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Manhattan, KS 66506
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Source: Gayle Doll, 785-532-5945, gdoll@k-state.edu
Pronouncer: Doll sounds like "dole"
News release prepared by: Erinn Barcomb-Peterson, 785-532-6415, ebarcomb@k-state.edu

Wednesday, April 29, 2009

K-STATE CENTER ON AGING OPENING CLASSROOM AT MEADOWLARK HILLS RETIREMENT COMMUNITY THAT CONNECTS STUDENTS AND FACULTY WITH RESIDENTS AND STAFF

MANHATTAN -- Kansas State University students who are learning about aging have been taking classes and doing research in a most appropriate place -- a local retirement community.

Because of the community's commitment to the university, K-Staters now have their own classroom at Meadowlark Hills Retirement Community in Manhattan.

"This allows students at K-State and all across Kansas to come to Meadowlark Hills to learn about long-term care," said Gayle Doll, who directs K-State's Center on Aging.

The Kansas State University Learning Center: K-State Center on Aging will open with a Cinco de Mayo-themed open house at 2:30 p.m. Tuesday, May 5, at Meadowlark Hills, 2121 Meadowlark Road. Several K-State faculty members will speak at 3 p.m.

The presence of the Center on Aging at Meadowlark Hills achieves several goals, Doll said. One is allowing student interns from various disciplines -- from nutrition to kinesiology to marketing -- to solve problems collectively. K-State faculty are encouraged to use the learning center for research. Doll said it also presents an opportunity to train staff on person-centered care, a foundation of the K-State Center on Aging.

"Having a formal classroom now provides more opportunities for this," she said. "It also may allow former professors living at Meadowlark Hills to create their own learning environment."

But the most exciting facet, Doll said, is teaching classes like Introduction to Gerontology at the retirement community and pairing students with resident mentors for research projects.

"It gets to the point where as faculty we are the facilitators, and the residents are the teachers," she said.

The K-State undergraduate researchers will be giving poster presentations of their work at the open house. Topics include nutritional guidelines, body image in older women and video profiles of residents that will be displayed in shadowboxes outside their doors, allowing staff to get acquainted with residents before entering their rooms.

Doll said that these types of collaborative research projects and conducting classes on site are connecting students interested in aging with the very people they're learning about. It's also helping K-State students and Meadowlark Hills residents break down stereotypes about one another, she said.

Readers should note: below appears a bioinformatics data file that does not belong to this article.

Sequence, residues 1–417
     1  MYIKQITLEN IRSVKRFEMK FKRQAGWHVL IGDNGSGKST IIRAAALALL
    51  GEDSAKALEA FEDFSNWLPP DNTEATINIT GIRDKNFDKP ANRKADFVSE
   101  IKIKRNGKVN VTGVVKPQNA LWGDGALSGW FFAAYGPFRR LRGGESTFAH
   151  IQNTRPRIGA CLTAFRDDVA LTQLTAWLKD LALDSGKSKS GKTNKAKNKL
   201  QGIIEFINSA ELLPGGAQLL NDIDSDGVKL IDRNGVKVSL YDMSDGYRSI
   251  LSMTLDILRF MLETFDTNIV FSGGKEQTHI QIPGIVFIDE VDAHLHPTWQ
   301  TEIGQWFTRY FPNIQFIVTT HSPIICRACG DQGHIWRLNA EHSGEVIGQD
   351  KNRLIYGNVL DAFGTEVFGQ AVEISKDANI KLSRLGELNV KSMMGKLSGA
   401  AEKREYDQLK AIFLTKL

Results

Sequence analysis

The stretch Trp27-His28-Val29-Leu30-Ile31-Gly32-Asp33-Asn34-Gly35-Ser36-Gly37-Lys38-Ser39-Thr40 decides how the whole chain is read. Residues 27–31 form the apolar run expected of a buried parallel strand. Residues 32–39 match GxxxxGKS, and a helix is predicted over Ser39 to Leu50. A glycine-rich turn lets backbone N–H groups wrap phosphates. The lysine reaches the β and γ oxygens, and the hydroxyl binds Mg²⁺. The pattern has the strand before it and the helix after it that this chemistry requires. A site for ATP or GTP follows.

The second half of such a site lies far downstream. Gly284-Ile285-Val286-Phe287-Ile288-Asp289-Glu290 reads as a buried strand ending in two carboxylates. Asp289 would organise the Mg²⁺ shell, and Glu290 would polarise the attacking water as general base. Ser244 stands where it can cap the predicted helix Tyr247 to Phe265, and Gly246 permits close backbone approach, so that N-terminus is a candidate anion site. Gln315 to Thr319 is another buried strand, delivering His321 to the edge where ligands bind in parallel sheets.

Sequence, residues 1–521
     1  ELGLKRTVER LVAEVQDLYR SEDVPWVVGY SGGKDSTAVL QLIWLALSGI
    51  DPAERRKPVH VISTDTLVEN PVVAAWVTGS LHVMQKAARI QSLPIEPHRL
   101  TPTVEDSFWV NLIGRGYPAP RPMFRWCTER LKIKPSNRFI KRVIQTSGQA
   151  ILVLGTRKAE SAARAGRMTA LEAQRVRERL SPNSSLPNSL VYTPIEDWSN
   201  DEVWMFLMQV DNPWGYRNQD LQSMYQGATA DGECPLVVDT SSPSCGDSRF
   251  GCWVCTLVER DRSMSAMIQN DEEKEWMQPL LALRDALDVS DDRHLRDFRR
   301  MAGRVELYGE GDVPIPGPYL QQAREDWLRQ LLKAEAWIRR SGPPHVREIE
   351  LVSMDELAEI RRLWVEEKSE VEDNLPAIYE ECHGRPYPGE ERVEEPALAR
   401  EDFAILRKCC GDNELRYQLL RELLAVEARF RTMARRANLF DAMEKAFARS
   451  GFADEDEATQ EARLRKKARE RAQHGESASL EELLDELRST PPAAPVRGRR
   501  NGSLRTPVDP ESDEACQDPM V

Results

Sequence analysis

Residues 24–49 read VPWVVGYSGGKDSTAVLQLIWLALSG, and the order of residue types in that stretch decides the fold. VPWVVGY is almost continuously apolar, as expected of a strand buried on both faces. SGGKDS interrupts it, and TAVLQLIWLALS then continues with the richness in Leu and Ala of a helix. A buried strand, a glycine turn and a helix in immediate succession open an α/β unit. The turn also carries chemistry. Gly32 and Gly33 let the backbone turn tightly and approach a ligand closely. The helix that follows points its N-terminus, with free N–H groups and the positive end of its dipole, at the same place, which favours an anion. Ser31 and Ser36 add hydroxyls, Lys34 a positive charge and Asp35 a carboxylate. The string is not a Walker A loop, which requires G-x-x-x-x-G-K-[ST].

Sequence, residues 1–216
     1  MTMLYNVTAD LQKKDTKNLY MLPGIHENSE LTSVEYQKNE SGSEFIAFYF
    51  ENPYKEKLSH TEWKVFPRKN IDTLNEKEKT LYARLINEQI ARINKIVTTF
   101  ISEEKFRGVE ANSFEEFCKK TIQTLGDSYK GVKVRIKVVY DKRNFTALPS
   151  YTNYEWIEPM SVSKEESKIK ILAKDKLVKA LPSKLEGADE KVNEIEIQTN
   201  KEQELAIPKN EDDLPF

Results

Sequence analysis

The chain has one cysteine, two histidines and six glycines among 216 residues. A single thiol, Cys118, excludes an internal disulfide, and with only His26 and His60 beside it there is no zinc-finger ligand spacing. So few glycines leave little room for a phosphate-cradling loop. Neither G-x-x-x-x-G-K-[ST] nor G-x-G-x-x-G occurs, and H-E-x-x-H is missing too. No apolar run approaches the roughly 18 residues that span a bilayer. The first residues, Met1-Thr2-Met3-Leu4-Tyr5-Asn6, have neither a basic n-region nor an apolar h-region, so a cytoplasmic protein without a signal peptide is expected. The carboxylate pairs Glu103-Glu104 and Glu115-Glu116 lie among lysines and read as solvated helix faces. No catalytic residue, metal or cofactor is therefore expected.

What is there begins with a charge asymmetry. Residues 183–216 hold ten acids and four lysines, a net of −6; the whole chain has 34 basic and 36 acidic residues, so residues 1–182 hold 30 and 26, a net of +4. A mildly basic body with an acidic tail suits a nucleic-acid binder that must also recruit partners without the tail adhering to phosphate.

"For many residents, it does change their mind about students," Doll said. "We're hearing them say that the students aren't these crazy, wild things we see portrayed on TV. That's why many of them come back to participate in class."

A grant from the K-State Center for Engagement helped initiate the classroom project.

K-State faculty speaking at the open house include Doll; Duane Nellis, K-State provost and senior vice president; Virginia Moxley, dean of the College of Human Ecology; and Stephen Shields, an adjunct faculty member who is president and chief executive officer of Manhattan Retirement Foundation, which owns Meadowlark Hills.

Students presenting their research include:

Kasey Provenzano, senior in nutritional sciences, Derby, presenting on grandparent newsletter project; Andrea Wisbey, senior in family studies and human services, Glasco, presenting on Senior University project.

From Greater Kansas City: Whitney Yocum, senior in family studies and human services, presenting on Meadowlark Hills resource library, and Ashley Vogel, senior in family studies and human services, presenting about life story project at Stoneybrook, both from Olathe; Emilie Miller, senior in chemistry, presenting on older women and body image, Christina Pacheco, senior in sociology, presenting about life story project at Stoneybrook, Sara Powell, senior in biology, presenting on older women and body image, Emily Price, senior in communication sciences and disorders, presenting on the Brain Gym activity, and Ben Ross, senior in biology, presenting on Meadowlark Hills resource library, all from Overland Park.

Nora Gehrke, senior in kinesiology, Herington, presenting on physical activity and quality indicators; Michelle Espinosa, senior in dietetics, Junction City, presenting on Meadowlark Hills nutrition tutorial; Erin Boeckman, senior in family studies and human services, presenting on Biscuits and Bison, an oral history project pertaining to food, and Nathan Johnson, senior in family studies and human services, presenting on Meadowlark Hills resource library, both from Manhattan; Amber Larson, senior in public health nutrition, McPherson, presenting on grandparent newsletter project; Becca Grilliot, senior in interior design, Pretty Prairie, presenting on older women and body image; Brian Haase, senior in social sciences, Salina, presenting about life story project at Stoneybrook; Hannah Kloster, senior in family studies and human services, Smith Center, presenting on older women and body image.

Shelby Griffin, senior in human ecology, Sublette, presenting on diversity in older adults; Jacob Schultz, junior in management, presenting about life story project at Stoneybrook, and Rachel Semjenow, junior in public health nutrition, presenting on grandparent newsletter project, both from Topeka; Tamra Marriott, senior in dietetics, Troy, presenting on Biscuits and Bison, an oral history project pertaining to food; and Katie Coursen, senior in family studies and human services, Waverly, presenting about life story project at Stoneybrook.

From out-of-state: Leah Christopher, senior in kinesiology, North Platte, Neb., presenting on physical activity and quality indicators.